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Did you know within retail stores, Apple has the highest selling rate per square foot ($6,050) in the USA? That is more than double second place winner, Tiffany’s at $3,017. Why? Can car dealerships pull anything from this to improve? Maybe, let’s take a quick look:
Examination of an Apple Retail Store:
Some of the highlights comprise of serious control of how employees interact with customers, scripted training, and on location support, to name a few.
Then there’s the Apple Store Dance Sensation! Kids that go to “the store with mom and dad” now have something to do. They dance, record, and load it up on YouTube of course. There are many articles about the now famous Trevor Michael who is, as they say, remarkably exuberant!
How can YouTube make an impact at your dealership?
Video is HOT! YouTube in fact is the second biggest search engine in the world (behind Google who owns YouTube). Video is 50 times more likely to rank on the first page of Google results according to Forrester.
Ladies and gentlemen, one thing will never change. We are all just in one big CONTEST OF IDEAS. That is it in a nutshell!
Every square inch of Apple stores are designed, and engineered with intense thought and nothing is by accident. There is of course abundant lighting, casual interiors. However, Apple keeps a very tight lid on how they operate.
Employees are ordered to not discuss rumors about products; technicians are prohibited from acknowledging widespread glitches too early and anyone caught writing about the company on the internet is terminated, according to past employees. Some car dealerships have written policies on social media and some don’t. We will keep this simple and leave rules, laws, and regulations to the experts like Jim Radogna.
Apple employees are trained to demonstrate products and solve customer problems, NOT push sales! Apple is considered an innovator in many aspects of customer service and store design. Several employees insist (and training manuals prove it) they are trained with a sales philosophy: Do not sell, but rather to help customers solve problems. “Your job is to understand all your customers’ needs--- some of which they may not even realize they have”, is what one training manual says, again according to the AP.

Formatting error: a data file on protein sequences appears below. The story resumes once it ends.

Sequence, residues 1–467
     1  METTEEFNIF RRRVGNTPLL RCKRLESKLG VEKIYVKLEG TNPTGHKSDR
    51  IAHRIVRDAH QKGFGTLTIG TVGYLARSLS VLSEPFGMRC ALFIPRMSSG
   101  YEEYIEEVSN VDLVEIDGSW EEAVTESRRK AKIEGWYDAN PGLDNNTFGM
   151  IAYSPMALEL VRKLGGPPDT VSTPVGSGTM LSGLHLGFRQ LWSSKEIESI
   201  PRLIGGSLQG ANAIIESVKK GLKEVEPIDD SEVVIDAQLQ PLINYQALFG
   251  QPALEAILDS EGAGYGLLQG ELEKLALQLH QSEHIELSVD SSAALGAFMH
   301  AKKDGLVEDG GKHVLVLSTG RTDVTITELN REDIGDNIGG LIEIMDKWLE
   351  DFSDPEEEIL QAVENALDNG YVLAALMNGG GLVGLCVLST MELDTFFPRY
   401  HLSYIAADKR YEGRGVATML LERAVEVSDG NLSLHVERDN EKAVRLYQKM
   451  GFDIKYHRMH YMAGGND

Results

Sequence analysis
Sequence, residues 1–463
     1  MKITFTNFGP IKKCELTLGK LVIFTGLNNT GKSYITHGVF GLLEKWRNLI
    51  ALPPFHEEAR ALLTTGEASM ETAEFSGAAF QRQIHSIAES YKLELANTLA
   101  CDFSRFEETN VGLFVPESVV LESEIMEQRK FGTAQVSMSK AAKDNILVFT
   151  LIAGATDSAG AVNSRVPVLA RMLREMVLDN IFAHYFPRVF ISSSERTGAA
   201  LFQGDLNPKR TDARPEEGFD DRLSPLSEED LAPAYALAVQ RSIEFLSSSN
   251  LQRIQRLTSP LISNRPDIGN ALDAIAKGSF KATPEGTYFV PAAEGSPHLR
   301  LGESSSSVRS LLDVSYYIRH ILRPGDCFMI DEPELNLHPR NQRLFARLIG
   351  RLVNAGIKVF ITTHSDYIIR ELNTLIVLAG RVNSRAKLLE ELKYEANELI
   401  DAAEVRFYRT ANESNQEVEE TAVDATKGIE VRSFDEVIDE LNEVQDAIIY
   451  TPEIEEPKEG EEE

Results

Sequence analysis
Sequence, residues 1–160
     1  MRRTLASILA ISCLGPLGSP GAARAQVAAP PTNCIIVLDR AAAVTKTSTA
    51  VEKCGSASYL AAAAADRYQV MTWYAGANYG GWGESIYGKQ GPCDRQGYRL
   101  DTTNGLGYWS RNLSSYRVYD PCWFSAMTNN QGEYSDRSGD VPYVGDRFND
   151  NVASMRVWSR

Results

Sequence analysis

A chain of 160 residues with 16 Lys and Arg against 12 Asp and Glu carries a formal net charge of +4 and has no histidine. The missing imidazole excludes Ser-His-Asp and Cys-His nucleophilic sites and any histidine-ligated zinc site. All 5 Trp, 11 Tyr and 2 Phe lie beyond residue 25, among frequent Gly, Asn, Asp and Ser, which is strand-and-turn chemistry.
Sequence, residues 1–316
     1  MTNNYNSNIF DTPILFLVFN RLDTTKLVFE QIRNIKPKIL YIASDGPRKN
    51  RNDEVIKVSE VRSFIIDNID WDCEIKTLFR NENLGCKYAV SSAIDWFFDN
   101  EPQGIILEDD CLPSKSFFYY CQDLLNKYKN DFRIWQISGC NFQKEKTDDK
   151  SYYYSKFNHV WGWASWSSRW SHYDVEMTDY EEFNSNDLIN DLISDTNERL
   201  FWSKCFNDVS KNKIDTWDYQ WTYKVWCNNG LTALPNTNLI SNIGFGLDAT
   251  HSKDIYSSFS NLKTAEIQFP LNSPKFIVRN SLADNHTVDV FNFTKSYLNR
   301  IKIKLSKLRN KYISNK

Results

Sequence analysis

There are NO SALES COMMISSIONS and NO SALES QUOTAS!
David Ambrose, who worked at an Apple store said, “You were never trying to close sales. It was all about finding solutions for a customer and finding their pain points”. Apple products or cars, that makes sense.
Time for Apples "Steps of Service" in an acronym!
(Crazy? At $6,000 a square foot, lets have a look!)
Apples control of the customer experience extends down to detail detail detail. Apple employees who are six minutes late in their shift three times in six months may be let go. Even though there are no sales quotas, employees must sell service packages with devices and those who don’t sell enough are re-trained or moved to another position.
When a new product is launched, employees cheer customers as they enter and exit the store. Can you imagine Mr. and Mrs. Johnson park their car on the dealership lot and they walk into the showroom with their “Rambo Jackets” on (As Grant Cardone first said 20 years ago) and everyone claps and cheers and says hi with a smile! Those “Rambo Jackets” would look silly at that point look out of place.
For service, Apple has what they call “The Genius Bar”. These “geniuses” have extensive knowledge of Apple products and work face to face to provide technical support and trouble shoot any problems. (Might not be a bad idea for a dealership to incorporate some type of prototype - Even for new car deliveries).
Getting a job at Apple is not easy. With sometimes several rounds of interviews, applicants are questioned about their leadership and problem solving skills, as well as their passion for Apple products. Stores are flooded with applicants. After being hired, training is far-reaching and recruits are coached in classes that apply Apples principals of customer service. Candidate’s for “Genius” tech support get far more training in Apple facilities world-wide.
Apples store staffers are paid about $9 to $15 per hour at the sales level. “Genius” level can enjoy about $30 an hour. If you can pass the entire test, charm the managers, and get hired at Apple for $9 to $15 an hour, I wonder how much a well-trained Apple rep can earn selling cars? (Just Saying) Everyone is not motivated by money, true. But usually people who say “it’s not about the money” don’t have it…
Apple, just like car dealers, has business customers as well. Apple has built specially designed “Briefing Rooms” into some stores and introduced a new service called “Joint adventure”. Maybe some Fleet managers/directors can pull some ideas from “Joint Adventure”. I’m sure Apple could pull some ideas from successful dealerships as well.
Hope you discovered some helpful tips, see you next time.
Great selling and thanks!